OTTUMWA—There is a Civil War soldier in the Ottumwa Cemetery, but he isn’t 6 feet underground. In fact, he is about 10 feet over.
The old oak tree that used to stand in the cemetery got infected by oak wilt, a fungus that quickly kills oak trees, and city officials decided it needed to come down to try and save the other oak trees beside it. However, the old tree was too much of a landmark to be taken down completely and tossed into a wood chipper.
According to Gene Rathje, Director of the Ottumwa Parks Department, there were 110-120 rings that could be counted inside the tree, making it somewhere around 220 years old. Its age means it was in its prime when the American Civil War would have taken place, so it could have seen many soldiers like the one it now resembles.
The Ottumwa Area Arts Council facilitated the project, and they received funding through the Ottumwa Regional Legacy Foundation to cover the $5,000 cost of the project.
“This gives us the opportunity to place another permanent public art display in our community,” said Kim Hellige, president of the Ottumwa Area Arts Council, in a previous interview before the project’s completion.
According to Hellige, the tree was such an iconic part of the cemetery that they had to find some way to memorialize it. Having it carved will help show the artistic side of Ottumwa, and will help memorialize the tree and soldiers it represents.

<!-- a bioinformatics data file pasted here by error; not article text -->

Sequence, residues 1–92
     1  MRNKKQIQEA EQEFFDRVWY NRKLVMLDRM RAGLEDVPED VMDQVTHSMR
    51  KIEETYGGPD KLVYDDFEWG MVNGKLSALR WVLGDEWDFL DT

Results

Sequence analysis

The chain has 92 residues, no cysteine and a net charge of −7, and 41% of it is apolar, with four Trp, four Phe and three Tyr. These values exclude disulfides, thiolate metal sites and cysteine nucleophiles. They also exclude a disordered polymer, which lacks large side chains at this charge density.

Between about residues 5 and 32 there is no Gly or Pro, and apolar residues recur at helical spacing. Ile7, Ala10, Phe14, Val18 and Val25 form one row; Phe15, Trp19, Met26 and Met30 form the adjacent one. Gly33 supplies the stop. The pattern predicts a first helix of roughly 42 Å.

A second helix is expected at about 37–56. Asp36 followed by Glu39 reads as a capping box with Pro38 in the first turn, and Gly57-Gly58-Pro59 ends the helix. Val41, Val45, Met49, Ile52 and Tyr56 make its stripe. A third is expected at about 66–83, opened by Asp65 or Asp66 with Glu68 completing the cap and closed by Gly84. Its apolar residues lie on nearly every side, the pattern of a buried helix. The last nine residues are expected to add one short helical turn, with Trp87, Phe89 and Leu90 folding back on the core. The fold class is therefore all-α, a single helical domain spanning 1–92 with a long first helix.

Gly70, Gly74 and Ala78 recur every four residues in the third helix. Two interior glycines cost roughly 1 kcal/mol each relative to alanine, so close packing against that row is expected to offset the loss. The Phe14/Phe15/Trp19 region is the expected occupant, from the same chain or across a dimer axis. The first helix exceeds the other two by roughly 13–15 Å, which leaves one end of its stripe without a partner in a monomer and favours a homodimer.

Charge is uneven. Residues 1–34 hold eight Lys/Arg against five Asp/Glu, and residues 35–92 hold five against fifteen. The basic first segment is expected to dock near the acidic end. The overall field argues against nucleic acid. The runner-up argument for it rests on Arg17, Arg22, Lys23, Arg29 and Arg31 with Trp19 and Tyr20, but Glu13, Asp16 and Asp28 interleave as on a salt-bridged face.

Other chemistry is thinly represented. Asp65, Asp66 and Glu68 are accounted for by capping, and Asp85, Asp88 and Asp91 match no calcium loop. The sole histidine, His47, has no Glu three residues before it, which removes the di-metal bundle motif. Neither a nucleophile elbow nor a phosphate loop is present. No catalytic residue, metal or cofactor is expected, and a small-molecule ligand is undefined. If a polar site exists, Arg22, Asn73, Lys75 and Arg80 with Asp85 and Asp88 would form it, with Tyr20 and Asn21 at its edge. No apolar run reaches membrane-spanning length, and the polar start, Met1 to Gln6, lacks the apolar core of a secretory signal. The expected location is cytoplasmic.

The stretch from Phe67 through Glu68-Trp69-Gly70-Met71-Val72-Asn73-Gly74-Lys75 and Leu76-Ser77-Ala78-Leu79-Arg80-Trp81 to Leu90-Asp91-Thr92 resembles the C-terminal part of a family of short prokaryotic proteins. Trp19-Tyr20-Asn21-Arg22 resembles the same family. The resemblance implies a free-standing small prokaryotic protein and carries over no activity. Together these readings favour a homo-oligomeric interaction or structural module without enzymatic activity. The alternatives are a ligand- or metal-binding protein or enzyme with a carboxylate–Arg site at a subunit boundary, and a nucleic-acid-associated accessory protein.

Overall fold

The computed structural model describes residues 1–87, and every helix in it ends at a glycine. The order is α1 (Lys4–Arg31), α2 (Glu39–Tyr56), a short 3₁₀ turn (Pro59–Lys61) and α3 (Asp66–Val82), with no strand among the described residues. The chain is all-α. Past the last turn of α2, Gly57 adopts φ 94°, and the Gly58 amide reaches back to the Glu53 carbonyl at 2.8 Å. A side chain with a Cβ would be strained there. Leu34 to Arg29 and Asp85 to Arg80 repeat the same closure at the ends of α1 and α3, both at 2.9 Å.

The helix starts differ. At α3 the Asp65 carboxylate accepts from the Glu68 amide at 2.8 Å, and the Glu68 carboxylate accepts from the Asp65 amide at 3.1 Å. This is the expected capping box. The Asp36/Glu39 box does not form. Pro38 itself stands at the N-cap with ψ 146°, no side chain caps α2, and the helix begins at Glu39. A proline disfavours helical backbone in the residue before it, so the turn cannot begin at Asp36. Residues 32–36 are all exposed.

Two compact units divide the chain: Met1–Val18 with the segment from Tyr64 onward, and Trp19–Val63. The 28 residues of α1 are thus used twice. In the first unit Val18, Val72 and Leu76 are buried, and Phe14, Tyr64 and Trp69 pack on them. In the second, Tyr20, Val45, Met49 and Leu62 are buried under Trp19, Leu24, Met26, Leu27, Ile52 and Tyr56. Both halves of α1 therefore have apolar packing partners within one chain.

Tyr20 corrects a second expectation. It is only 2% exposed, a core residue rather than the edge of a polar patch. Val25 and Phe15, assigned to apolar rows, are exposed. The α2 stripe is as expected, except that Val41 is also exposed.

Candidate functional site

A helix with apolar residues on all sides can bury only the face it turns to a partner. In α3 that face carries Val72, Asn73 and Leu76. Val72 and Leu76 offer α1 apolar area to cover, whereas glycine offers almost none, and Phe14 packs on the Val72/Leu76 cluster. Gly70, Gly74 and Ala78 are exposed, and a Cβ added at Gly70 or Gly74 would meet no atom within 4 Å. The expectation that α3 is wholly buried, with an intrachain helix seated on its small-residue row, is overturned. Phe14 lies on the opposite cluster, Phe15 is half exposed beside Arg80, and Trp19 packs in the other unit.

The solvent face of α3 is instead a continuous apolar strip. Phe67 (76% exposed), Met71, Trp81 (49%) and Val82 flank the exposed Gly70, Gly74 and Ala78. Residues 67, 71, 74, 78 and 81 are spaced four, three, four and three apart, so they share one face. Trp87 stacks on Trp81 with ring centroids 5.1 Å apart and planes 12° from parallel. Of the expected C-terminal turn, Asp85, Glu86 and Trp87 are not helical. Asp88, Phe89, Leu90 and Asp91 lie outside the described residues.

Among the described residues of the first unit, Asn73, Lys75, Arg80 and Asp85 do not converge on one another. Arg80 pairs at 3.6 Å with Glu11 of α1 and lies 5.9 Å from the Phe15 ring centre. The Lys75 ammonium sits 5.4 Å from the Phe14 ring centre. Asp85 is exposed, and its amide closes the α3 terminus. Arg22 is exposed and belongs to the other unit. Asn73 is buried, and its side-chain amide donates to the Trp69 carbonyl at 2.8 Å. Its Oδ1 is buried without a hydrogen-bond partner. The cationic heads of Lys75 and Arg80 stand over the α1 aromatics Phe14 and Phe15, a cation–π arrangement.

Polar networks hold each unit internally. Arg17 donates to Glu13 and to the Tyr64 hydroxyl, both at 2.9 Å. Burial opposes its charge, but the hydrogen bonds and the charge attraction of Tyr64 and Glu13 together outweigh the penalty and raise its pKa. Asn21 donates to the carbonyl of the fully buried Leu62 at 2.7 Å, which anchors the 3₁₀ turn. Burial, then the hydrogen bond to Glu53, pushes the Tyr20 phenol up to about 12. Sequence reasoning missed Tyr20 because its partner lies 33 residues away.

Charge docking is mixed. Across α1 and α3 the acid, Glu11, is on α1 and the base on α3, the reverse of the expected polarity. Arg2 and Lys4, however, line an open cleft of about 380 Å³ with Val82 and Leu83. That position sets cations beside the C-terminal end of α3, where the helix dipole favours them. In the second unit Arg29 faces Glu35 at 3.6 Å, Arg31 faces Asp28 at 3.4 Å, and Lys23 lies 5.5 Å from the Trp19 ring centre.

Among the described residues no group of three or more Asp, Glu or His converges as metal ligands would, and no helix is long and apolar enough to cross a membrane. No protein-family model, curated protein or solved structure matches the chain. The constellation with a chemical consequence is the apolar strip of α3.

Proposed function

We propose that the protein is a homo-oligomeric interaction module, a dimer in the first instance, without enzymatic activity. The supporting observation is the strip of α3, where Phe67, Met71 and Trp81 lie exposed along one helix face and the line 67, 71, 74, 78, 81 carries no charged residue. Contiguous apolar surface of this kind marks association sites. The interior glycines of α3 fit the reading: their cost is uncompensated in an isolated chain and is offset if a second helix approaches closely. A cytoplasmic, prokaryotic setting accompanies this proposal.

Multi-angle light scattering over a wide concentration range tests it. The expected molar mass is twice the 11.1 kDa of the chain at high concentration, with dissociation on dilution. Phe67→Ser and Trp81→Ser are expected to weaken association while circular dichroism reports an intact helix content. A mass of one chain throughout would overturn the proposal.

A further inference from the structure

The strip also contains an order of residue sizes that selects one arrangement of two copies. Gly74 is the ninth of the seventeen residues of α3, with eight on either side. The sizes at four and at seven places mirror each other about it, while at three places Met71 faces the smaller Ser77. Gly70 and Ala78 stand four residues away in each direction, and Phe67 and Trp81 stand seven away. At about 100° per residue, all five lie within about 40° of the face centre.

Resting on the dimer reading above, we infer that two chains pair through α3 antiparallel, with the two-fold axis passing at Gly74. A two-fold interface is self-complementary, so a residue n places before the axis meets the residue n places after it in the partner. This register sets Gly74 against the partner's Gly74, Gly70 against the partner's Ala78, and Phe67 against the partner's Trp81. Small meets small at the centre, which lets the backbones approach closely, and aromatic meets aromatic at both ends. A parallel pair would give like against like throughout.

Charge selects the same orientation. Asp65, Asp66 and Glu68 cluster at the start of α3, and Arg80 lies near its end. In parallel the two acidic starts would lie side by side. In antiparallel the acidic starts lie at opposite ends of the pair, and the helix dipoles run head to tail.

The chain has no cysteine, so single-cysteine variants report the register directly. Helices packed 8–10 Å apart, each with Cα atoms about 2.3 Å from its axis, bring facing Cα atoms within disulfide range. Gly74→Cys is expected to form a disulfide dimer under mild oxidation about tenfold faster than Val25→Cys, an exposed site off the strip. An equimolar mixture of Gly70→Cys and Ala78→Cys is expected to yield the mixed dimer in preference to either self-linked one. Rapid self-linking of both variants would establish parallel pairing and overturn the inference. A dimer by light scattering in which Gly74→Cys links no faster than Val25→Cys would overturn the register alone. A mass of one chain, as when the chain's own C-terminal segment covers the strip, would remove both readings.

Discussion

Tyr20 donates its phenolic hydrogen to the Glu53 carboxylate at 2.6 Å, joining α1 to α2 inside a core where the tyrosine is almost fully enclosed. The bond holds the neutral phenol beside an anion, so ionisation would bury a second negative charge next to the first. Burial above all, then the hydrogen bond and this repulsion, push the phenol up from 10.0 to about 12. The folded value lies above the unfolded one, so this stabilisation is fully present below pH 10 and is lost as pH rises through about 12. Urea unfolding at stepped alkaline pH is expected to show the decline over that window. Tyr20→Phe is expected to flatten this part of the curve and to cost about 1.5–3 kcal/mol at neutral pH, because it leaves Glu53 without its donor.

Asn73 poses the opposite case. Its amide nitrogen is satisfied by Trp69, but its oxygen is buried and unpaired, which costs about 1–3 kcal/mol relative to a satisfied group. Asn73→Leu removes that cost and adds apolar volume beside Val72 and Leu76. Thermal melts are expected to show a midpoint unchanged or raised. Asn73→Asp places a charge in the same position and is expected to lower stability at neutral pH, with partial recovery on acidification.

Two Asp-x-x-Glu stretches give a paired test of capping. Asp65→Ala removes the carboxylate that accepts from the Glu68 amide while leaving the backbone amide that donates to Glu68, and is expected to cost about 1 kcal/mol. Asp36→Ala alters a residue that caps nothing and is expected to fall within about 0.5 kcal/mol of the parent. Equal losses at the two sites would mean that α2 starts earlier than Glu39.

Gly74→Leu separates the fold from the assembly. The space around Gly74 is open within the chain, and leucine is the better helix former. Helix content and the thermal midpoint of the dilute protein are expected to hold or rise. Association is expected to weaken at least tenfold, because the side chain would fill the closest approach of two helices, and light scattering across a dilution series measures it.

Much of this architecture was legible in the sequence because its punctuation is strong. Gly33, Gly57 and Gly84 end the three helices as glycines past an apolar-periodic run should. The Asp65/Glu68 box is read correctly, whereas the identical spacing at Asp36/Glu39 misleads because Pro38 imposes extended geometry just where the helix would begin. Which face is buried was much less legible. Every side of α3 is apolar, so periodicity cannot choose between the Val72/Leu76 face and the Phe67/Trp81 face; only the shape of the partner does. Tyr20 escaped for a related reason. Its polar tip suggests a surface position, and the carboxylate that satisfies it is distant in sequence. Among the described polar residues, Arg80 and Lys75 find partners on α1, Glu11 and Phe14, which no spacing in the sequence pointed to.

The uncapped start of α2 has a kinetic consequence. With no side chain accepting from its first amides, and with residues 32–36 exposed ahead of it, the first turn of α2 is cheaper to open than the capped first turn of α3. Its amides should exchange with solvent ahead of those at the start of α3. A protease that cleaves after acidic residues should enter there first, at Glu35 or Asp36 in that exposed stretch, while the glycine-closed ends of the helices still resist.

Chainsaw sculptor Gary Keenan, of Des Moines, put the finishing touches on the soldier that he has spent the past few weeks carving out of a stump of one of the trees that was said to be among the oldest in the city.
Keenan mostly does residential trees, he said at the start of the project. Most of what he does is of wildlife, but sometimes he gets to do something different, like a soldier. He has also carved fairies and the leprechaun mascot for the University of Notre Dame, among various other things, in his 13 years of service.
— To see reporter Josh Vardaman's Twitter feed, go to @CourierJosh